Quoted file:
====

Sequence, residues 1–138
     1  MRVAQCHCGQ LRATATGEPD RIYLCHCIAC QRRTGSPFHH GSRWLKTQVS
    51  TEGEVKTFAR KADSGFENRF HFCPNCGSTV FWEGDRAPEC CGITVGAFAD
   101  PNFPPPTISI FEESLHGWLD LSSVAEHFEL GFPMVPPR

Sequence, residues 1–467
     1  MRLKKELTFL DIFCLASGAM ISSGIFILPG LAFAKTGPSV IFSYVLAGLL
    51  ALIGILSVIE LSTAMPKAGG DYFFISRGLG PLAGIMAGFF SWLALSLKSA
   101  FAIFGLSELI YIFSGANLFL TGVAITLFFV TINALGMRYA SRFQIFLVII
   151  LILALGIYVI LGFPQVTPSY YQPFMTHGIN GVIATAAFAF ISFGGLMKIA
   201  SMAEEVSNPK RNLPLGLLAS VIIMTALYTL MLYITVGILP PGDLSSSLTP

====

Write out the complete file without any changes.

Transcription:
Sequence, residues 1–138
     1  MRVAQCHCGQ LRATATGEPD RIYLCHCIAC QRRTGSPFHH GSRWLKTQVS
    51  TEGEVKTFAR KADSGFENRF HFCPNCGSTV FWEGDRAPEC CGITVGAFAD
   101  PNFPPPTISI FEESLHGWLD LSSVAEHFEL GFPMVPPR

Sequence, residues 1–467
     1  MRLKKELTFL DIFCLASGAM ISSGIFILPG LAFAKTGPSV IFSYVLAGLL
    51  ALIGILSVIE LSTAMPKAGG DYFFISRGLG PLAGIMAGFF SWLALSLKSA
   101  FAIFGLSELI YIFSGANLFL TGVAITLFFV TINALGMRYA SRFQIFLVII
   151  LILALGIYVI LGFPQVTPSY YQPFMTHGIN GVIATAAFAF ISFGGLMKIA
   201  SMAEEVSNPK RNLPLGLLAS VIIMTALYTL MLYITVGILP PGDLSSSLTP